Oh-No! Here we go again. At this time there have been a couple “Oh No’s”. First Loren, dear boy, has had yet another accident. He cut his finger on a broken tile. It hurt, no, scratch that. It was beyond hurt—Way Beyond. He was upset with the old plummer who had chopped out tile in a shower INSTEAD of figuring out the easy way of replacing the tap correctly. Loren was showing him how it should have been done and the broken tile nailed him. So after a lot of blood and Band-Aids I fixed him up and now after several days in a finger splint, he is recovering.
Then yesterday we are sitting in a staff meeting when screams are heard coming from the student kitchen. With our pulse quickening we jumped up and ran down the veranda. “SNAKE, SNAKE!!! IT IS A COBRA!!!” Oh-No, not another snake at Prakash. I am bending over for a look-see, trying to get a picture while Loren is yelling for me to get back.
The cook ladies, with hearts racing and nerves atingle, stand on the veranda stricken. I hugged the one who first saw the snake and then suggested that we all go to the guest kitchen for tea.
As the story unfolds, one cook lady was sitting on the floor working and the snake hooded and swaying was ready to strike, when the other lady saw it. Praise God they reacted calmly and GOT OUT OF THERE!!!!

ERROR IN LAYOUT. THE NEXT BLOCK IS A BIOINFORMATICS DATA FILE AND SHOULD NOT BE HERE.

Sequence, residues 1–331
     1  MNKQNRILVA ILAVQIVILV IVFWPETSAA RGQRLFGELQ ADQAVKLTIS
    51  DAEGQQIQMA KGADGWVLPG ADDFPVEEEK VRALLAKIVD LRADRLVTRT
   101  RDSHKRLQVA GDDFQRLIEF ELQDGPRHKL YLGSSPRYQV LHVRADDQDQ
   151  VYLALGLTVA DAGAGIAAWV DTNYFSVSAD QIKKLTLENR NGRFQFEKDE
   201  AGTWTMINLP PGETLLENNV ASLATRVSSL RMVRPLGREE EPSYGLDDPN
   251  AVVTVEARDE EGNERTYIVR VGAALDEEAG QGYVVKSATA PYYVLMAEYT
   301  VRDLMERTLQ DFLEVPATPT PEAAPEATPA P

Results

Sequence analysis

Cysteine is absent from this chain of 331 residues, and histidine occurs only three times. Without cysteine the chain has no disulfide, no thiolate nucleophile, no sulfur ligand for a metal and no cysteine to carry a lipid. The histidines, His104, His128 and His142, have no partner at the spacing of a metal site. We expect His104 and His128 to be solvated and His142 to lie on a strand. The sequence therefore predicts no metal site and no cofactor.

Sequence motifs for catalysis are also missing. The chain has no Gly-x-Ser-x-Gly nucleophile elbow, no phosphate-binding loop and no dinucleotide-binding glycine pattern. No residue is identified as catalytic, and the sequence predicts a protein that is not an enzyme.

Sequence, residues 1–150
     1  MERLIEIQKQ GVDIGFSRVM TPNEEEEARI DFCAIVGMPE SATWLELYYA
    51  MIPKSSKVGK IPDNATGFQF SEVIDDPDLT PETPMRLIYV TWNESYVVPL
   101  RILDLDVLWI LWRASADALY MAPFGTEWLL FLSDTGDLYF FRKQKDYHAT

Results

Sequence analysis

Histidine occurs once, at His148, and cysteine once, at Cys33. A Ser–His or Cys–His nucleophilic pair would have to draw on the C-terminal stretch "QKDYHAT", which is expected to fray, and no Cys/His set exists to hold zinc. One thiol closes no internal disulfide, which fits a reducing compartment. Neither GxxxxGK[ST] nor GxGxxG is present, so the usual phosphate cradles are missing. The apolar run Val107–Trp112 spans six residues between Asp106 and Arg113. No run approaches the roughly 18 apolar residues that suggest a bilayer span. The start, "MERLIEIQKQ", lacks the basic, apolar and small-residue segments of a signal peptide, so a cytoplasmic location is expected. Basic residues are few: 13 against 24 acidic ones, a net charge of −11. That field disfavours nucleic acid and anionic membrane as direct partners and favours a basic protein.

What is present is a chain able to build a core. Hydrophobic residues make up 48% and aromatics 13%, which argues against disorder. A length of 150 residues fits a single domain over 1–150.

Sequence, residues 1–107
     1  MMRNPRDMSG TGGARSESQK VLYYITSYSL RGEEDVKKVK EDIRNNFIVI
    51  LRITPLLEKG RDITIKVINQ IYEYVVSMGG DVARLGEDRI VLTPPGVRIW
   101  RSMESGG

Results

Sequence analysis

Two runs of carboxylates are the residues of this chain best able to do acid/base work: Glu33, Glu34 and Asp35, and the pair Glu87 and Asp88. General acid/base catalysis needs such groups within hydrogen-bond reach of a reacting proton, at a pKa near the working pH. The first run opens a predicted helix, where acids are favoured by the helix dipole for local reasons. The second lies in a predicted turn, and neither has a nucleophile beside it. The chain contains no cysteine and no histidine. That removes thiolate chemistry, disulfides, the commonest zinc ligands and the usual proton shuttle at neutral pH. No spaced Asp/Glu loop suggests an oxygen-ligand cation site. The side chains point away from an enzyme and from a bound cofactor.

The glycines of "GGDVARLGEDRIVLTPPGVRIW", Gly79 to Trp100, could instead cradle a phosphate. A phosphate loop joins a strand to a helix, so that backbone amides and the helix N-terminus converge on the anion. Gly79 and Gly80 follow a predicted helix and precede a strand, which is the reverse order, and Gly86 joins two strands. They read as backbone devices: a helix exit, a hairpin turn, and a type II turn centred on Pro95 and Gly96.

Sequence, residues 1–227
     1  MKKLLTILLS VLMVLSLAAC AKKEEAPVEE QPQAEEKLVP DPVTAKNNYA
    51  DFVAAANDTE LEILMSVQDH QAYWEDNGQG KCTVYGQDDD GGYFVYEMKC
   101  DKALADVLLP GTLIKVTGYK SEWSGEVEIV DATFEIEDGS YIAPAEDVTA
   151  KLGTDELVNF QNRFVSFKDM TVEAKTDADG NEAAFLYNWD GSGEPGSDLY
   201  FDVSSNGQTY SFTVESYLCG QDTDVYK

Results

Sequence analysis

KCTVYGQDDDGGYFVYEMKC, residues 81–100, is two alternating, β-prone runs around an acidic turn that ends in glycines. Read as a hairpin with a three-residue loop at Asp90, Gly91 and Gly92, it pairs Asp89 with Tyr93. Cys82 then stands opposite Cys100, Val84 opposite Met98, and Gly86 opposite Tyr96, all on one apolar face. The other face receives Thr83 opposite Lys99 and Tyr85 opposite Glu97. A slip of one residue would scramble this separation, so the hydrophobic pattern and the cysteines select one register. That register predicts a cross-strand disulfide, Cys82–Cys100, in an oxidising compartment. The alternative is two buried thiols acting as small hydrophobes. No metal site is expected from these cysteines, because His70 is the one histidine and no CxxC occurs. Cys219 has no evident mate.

The night before Loren and I were scanning the channels on our TV for ANYTHING in English, when we happened upon a National Geographic program about King Cobras in India. We learned several things, like these snakes are snake-eaters, not rodent eaters. They love the Rat Snake and the Rat Snake loves rats. Before this program, we knew nothing about the eating habits of cobras. God knew we needed this knowledge.
After killing the snake we were off to the grain storage area, only to find rat droppings everywhere. No metal bins only grain sacks. A rat will find a sack of grain any day no matter where it is. So in order for us to rid ourselves of the cobras we need to rid ourselves of the rats. The rats invaded us because we have not properly stored the grain. So in truth the problem is not getting rid of the cobra, but storing the grain properly. How do we say? — “Getting to the root of the problem.”—What a lesson.
Our prayer is always to have wisdom. Who knew we would get it from National Geographic?